(1930 - ??)

no photo available

The 1949 Durban championship was won by John Earp, the son of long time club member Bob Earp. John was born in the Cheltenham district of Gloucestershire in mid 1930.

A newspaper article on his aunt, Mrs Constance Fisher, revealed that John was brought up in England by his aunt, as his mother died (in 1933) "when he was a lad". The family was separated during the Second World War as Bob arrived in Durban in 1939 and spent the war years in South Africa. Mrs Fisher used to teach mathematics and chess, and she taught John how to play chess when he was 10 years old. Within weeks he was beating her. He then joined the Cheltenham chess club, where he became a strong player. The family reunited after the war in Durban in 1947. The Earps were a talented chess family, as John's grandparents were also keen players, and his uncle Charles Earp played chess for Cambridge University.


Here is a game from the pages of the "South African Chessplayer" published in 1953. It was played in the Inter Club tournament held in Harrismith. Black was the reigning South African champion:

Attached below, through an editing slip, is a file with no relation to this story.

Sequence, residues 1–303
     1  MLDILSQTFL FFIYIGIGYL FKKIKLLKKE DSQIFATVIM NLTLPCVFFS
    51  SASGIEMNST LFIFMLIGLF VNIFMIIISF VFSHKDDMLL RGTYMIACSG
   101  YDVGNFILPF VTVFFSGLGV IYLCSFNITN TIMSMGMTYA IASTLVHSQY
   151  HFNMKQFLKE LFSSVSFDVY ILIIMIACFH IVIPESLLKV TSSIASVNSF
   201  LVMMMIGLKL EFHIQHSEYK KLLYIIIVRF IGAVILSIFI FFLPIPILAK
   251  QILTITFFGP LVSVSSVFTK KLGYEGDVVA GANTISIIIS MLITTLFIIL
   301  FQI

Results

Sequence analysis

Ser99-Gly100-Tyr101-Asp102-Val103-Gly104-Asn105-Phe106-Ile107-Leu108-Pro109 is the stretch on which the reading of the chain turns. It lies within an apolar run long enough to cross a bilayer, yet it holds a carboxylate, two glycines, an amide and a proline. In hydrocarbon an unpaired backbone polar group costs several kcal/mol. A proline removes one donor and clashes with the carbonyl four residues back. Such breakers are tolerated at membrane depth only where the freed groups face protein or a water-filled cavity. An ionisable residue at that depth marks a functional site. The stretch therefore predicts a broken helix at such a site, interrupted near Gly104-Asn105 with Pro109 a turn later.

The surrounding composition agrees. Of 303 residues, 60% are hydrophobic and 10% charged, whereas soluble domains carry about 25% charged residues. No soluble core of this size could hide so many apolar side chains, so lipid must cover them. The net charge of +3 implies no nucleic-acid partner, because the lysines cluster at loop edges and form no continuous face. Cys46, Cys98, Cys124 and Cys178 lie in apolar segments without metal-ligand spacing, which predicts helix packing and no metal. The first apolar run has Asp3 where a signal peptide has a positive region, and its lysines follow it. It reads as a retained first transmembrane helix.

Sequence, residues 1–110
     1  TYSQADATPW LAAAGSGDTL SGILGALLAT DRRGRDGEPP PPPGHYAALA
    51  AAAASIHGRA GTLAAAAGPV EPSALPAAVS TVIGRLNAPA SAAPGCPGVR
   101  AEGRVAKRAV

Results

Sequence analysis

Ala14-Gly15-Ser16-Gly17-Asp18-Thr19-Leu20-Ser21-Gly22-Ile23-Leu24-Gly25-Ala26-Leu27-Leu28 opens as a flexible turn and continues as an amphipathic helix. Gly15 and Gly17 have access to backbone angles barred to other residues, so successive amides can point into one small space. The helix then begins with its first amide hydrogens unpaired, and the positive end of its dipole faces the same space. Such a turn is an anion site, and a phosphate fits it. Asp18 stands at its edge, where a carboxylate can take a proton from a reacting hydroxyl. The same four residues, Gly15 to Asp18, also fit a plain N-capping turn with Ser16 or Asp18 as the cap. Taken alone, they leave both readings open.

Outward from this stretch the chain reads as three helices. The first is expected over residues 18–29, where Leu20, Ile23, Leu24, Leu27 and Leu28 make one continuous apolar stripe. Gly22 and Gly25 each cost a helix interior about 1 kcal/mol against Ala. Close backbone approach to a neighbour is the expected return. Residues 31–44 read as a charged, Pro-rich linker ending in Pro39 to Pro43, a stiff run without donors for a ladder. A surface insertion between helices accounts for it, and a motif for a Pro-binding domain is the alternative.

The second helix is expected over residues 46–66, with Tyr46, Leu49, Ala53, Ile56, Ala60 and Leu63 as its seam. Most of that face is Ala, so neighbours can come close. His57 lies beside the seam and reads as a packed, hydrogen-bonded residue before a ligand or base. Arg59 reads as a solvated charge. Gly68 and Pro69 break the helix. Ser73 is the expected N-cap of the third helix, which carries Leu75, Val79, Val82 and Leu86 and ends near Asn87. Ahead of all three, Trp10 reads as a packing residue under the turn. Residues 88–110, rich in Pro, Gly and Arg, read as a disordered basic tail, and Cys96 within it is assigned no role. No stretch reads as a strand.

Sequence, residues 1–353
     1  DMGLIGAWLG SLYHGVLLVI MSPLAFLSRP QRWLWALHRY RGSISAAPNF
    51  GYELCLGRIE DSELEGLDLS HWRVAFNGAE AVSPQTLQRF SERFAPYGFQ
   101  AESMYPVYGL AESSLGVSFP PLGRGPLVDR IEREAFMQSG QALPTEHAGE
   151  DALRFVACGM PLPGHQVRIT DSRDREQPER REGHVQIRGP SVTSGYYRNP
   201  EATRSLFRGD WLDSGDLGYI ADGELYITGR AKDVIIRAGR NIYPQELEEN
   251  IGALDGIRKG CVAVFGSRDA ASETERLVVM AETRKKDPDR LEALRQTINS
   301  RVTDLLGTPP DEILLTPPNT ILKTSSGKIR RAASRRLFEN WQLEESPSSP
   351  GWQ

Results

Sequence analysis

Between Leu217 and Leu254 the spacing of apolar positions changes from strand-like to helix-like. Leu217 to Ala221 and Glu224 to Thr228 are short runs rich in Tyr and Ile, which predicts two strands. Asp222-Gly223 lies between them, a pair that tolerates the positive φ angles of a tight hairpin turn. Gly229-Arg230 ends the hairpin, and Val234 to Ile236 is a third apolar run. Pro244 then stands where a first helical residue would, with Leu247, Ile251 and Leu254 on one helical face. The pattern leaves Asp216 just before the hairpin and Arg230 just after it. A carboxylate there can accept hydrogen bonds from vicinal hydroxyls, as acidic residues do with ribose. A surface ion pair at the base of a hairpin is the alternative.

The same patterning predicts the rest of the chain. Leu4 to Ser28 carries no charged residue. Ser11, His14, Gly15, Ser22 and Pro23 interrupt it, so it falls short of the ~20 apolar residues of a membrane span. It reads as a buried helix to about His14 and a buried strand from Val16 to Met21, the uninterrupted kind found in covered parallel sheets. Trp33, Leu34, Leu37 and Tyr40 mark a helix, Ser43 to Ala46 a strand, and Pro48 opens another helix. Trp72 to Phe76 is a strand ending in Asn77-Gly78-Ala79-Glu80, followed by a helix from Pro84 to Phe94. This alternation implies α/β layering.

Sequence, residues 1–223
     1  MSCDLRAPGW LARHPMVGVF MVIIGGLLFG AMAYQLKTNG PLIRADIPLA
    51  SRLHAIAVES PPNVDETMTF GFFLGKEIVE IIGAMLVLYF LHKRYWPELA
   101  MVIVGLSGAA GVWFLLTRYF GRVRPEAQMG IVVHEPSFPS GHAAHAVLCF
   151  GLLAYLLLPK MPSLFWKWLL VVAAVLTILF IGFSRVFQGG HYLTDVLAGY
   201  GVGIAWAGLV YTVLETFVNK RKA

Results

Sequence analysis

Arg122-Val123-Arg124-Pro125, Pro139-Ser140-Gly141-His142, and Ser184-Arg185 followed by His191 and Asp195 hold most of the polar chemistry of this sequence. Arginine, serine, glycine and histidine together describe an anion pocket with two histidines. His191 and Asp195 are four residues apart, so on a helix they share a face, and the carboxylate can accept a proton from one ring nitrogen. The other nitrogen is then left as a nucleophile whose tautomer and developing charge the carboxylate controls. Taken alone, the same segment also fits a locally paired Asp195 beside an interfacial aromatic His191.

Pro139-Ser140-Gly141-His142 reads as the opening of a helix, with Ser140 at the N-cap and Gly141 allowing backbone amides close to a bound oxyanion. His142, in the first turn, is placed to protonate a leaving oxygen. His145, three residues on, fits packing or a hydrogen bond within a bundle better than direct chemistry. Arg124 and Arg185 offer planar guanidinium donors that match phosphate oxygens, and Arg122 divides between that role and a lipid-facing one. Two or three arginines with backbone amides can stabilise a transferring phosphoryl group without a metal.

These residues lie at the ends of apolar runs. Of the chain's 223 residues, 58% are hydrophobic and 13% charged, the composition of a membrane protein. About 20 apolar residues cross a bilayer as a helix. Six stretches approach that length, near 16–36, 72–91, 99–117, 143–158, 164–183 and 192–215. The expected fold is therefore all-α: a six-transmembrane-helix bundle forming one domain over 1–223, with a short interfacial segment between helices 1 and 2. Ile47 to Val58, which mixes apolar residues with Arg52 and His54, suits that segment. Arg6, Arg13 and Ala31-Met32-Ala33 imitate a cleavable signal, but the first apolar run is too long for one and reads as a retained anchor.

[Event "Inter Club"] [Site "Harrismith"] [Date "1953.09.??"] [Round "?"] [White "Earp, John R"] [Black "Eriksen, John"] [Result "1-0"] [WhiteElo "?"] [BlackElo "?"] 1.d4 Nf6 2.e3 g6 3.Bd3 Bg7 4.Nd2 d6 5.Ngf3 Nc6 6.c3 0-0 7.0-0 e5 8.e4 Nh5 9.dxe5 dxe5 10.Nc4 f5 11.Bg5 Qe8 12.Be3 b6 13.Qe2 f4 14.Bc1 Bf6 15.b3 Kh8 16.Ncd2 Na5 17.Ba3 Rg8 18.Nc4 Nb7 19.h3 a6 20.Bb2 b5 $2 {falling into the rather obvious trap} 21.Ncxe5 $1 Nc5 (21...Bxe5 $2 22.Nxe5 Qxe5 23.c4 $18) 22.c4 b4 23.Ng4 $2 {extremely timid} (23.Rad1 $18) 23...Bxg4 24.hxg4 Nxd3 25.Bxf6+ Nxf6 26.Qxd3 Qxe4 27.Qxe4 Nxe4 28.Rfe1 Rge8 29.Nd4 Rad8 $2 {losing a vital pawn} (29...c5 {draws easily}) 30.Nc6 Rd2 31.f3! Nd6 32.Rxe8+ Nxe8 33.Nxb4 Rd6 34.Re1 Nf6 35.g5 Nh5 36.Re8+ Kg7 37.Re7+ Kg8 38.Rxc7 Rd1+ 39.Kh2 ({not} 39.Kf2 $4 Ng3 {then ...Rf1#}) 39...Ng3 40.Kh3 {and White won} 1-0

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